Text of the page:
Back in England I'd spotted a contract advertisement on seek.com.au for a lead software developer with secure coding knowledge. Back then I thought it would suit me perfectly, but would it still be available when we got to Perth? Well it turned out it was, so with a home sorted and the relentless problems of emigration getting sorted out, I got an application in. Two interviews later, and I'd been taken on. There ensued a mad rush to find an accountant, set up a company and get the local income stream flowing, none of which was easy. But it got done and iWebGate would be paying me wages for the foreseeable future. Another relief, another weight off the mind.
Once the house and job were basically sorted out, we had something nice to look forward to. 6 years previously we'd stored virtually our entire life in a storage container in Perth. When we left it there it was a cheap option, but since property prices and the Aussie dollar shot up it was beginning to look a bit of an overhead. It was a therefore a relief to phone them up and say we wanted it all back. No photos of that happy moment, sadly, but we stood contentedly on a steaming hot day watching a couple of lads unload our entire life from their truck. Sofas, beds, tables, computers, bikes, you name it. Over a period of a couple of hours we went from having nothing and a life of hardship to having an entire home again. It took several more days to get things sorted out and made usable, but it's fair to say that was the turning point. Life was becoming tolerable again.
As March ticked by things began to calm down. I had a job and we had an income, the house wasn't what we wanted but it was comfortable enough. I got the broadband set up and the heat abated. And our sea freight shipment arrived from the UK, which completed the collection of things we call life.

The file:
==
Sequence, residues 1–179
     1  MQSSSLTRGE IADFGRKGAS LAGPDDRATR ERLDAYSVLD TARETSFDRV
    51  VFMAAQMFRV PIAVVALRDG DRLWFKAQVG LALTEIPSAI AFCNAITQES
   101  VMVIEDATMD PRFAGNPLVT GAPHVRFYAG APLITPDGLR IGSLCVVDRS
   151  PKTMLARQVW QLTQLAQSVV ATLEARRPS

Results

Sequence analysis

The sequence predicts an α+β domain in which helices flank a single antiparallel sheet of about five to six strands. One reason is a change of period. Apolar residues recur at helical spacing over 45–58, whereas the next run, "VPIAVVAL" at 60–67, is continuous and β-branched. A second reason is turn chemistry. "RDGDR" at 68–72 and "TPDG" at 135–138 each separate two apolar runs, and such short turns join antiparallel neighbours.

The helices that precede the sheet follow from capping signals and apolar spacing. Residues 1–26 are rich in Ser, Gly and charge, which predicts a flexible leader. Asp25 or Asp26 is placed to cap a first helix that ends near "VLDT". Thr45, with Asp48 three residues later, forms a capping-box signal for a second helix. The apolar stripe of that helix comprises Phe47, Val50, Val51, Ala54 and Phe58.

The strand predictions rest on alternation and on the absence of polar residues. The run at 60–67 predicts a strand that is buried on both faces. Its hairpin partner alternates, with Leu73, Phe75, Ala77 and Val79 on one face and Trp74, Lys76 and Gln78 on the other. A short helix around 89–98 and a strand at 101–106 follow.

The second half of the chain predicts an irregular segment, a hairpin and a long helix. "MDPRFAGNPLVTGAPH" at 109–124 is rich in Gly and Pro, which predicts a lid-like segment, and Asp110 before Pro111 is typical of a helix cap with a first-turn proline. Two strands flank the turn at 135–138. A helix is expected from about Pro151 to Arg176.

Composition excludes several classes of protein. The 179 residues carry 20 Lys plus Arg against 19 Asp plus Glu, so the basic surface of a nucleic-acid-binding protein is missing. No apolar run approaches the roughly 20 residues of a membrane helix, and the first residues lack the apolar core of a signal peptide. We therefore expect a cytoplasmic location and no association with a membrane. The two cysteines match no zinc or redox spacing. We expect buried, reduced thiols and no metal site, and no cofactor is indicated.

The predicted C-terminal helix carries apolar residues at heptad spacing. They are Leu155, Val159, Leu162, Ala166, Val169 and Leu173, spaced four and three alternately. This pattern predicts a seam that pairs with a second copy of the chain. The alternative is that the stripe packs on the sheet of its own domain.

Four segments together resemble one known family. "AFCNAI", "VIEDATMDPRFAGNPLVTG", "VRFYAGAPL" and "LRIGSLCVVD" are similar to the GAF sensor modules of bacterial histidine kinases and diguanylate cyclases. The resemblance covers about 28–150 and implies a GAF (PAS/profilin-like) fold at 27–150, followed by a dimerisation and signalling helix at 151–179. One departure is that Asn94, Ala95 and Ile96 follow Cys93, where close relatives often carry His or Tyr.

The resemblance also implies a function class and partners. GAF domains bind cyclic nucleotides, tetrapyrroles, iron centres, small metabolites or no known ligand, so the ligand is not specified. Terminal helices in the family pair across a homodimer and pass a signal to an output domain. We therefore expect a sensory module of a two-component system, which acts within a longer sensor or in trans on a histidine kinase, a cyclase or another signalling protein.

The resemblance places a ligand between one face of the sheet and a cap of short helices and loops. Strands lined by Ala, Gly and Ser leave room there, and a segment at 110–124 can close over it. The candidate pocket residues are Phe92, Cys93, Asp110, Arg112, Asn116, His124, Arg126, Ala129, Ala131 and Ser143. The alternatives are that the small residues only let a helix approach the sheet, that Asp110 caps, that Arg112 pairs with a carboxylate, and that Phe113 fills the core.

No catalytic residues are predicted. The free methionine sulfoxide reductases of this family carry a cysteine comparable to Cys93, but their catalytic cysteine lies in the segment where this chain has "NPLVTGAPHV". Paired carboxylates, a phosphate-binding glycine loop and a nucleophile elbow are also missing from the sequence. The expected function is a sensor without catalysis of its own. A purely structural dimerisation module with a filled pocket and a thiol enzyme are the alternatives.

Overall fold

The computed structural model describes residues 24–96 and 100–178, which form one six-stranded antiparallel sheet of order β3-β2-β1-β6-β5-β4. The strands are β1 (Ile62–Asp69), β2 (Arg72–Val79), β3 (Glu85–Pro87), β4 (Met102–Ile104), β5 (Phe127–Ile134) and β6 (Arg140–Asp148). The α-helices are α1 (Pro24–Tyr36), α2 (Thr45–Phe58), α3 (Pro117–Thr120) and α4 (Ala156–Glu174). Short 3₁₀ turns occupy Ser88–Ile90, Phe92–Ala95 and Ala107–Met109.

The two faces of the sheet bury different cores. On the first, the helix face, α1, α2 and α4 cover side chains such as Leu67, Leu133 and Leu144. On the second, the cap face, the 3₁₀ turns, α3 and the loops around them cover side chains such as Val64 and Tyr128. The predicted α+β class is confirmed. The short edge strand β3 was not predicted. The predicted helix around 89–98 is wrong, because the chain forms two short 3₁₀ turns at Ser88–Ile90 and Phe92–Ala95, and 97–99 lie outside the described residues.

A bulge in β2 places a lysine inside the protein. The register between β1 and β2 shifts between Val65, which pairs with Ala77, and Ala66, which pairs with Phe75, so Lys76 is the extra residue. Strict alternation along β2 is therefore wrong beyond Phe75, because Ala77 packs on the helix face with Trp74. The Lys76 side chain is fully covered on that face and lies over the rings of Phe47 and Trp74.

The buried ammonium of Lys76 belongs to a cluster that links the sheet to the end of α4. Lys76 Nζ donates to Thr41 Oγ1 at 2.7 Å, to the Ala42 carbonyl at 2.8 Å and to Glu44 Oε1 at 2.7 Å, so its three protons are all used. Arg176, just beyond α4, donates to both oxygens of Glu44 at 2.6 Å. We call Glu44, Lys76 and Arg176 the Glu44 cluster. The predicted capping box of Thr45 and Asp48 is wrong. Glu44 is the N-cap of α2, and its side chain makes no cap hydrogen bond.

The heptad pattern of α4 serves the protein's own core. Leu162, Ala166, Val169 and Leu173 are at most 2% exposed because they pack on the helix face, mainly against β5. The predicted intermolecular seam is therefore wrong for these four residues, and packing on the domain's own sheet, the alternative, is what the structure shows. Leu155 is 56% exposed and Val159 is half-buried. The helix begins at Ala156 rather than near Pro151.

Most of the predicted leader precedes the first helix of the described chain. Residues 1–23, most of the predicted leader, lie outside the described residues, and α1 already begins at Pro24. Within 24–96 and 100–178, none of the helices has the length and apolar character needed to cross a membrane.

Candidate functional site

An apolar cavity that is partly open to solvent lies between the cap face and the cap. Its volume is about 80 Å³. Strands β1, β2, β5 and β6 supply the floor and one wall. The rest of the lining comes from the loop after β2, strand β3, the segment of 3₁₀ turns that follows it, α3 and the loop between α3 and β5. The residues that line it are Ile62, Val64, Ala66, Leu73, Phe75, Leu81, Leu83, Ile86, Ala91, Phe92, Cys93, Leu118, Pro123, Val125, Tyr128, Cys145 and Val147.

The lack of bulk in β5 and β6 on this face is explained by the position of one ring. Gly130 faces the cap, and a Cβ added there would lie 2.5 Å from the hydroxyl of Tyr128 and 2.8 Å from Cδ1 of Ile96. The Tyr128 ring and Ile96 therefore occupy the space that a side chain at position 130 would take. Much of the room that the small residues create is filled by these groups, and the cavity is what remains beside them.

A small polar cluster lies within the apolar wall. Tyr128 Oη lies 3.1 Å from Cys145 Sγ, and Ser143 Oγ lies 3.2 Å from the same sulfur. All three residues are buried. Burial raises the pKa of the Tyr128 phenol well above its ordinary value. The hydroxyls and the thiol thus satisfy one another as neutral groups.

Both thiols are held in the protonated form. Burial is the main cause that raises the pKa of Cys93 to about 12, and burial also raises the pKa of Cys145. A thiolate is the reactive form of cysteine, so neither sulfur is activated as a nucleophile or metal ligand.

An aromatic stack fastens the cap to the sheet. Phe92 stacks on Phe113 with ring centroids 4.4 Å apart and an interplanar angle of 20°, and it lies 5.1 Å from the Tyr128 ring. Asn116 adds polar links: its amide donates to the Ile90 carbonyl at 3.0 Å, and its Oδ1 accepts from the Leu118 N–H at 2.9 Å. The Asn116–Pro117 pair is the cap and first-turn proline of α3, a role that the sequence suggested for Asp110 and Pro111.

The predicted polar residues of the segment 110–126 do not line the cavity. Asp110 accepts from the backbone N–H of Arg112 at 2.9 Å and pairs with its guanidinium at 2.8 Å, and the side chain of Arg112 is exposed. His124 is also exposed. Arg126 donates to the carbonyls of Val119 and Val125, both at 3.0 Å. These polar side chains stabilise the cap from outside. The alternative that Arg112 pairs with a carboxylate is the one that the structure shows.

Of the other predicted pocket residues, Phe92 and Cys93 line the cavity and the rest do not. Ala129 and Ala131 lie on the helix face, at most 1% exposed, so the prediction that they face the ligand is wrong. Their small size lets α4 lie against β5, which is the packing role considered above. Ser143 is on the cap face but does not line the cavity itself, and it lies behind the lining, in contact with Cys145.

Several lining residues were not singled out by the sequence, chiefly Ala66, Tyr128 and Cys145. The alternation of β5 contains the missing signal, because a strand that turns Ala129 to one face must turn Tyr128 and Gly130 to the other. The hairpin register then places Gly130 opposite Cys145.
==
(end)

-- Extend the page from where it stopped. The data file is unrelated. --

But even though things were improving, we had a nagging doubt. Should we buy our own house? After a particularly unpleasant encounter with the estate agent who was trying to sell the house we are living in, we decided enough was enough. We're fed up of paying other people's mortgages and having a quarterly inspection of our home. We want our own place, which no one can take away from us, or invade at their say so.
So we started looking for places to buy, and chewing over the various options of cash payments and mortgages, expensive place or intermediate mid range place. After a few house viewings we found a place we couldn't afford. Two weeks later they reduced the asking price into our price range, but we still considered it over priced. After another viewing we decided to put in a cheeky offer. The agent considered it too low to bother writing up into a contract, but when the vendors hesitated (instead of turning it down flat as expected) the agent came round to us last Thursday evening at about 6:30pm to complete the formal documentation of the offer. He then took it to the vendors and put it down in front of them. An hour later he came back to us and, despite our insistence our offer was final, he said for another $10,000 we could have it. Our initial reaction was no, but after a few minutes thought common sense kicked in. The house is just what we both want and $10K, in the scheme of things, is close to nothing. We signed.
And thus I sit here, still in a rented house, but with a contractual agreement to purchase a property. It'll be the first house we've owned and lived in for 10 years, since we moved out of our place in Andover. We're scheduled to be in there in 6 weeks.
It's been a murderous three months, but I think we can finally claim to be on top of it. And as I write this last sentence, it's started raining. Sweet relief.